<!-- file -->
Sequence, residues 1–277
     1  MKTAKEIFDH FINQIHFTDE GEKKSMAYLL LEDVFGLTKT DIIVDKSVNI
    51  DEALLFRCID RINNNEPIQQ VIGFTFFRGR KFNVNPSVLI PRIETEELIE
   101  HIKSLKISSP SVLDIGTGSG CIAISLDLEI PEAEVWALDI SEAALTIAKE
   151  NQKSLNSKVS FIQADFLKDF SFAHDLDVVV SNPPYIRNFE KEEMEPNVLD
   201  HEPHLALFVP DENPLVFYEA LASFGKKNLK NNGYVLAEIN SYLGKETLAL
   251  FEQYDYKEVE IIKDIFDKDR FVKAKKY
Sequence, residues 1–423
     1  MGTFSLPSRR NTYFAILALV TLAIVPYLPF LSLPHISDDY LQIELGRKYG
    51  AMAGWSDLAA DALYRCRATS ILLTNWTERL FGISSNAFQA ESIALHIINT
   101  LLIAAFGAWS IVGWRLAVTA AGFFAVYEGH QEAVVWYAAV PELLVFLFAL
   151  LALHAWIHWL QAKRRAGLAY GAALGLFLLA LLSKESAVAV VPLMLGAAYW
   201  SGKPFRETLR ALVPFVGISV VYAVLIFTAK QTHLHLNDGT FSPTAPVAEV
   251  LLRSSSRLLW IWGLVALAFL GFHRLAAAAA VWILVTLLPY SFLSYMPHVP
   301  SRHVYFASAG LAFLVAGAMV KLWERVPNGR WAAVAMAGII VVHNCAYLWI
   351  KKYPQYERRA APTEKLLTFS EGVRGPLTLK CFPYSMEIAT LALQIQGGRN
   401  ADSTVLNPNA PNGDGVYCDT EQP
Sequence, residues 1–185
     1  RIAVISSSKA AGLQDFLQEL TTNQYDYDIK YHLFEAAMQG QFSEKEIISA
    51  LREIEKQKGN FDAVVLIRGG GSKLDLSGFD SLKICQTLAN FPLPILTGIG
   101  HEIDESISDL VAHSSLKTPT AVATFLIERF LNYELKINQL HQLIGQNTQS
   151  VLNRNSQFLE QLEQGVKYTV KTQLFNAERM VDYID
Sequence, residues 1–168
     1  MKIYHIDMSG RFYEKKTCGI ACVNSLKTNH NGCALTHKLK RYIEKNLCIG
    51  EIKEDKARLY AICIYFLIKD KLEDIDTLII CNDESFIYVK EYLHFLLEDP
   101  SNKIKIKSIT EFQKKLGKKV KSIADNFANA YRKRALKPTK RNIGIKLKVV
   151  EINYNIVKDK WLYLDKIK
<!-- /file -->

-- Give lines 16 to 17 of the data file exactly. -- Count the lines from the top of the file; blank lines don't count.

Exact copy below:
   351  KKYPQYERRA APTEKLLTFS EGVRGPLTLK CFPYSMEIAT LALQIQGGRN
   401  ADSTVLNPNA PNGDGVYCDT EQP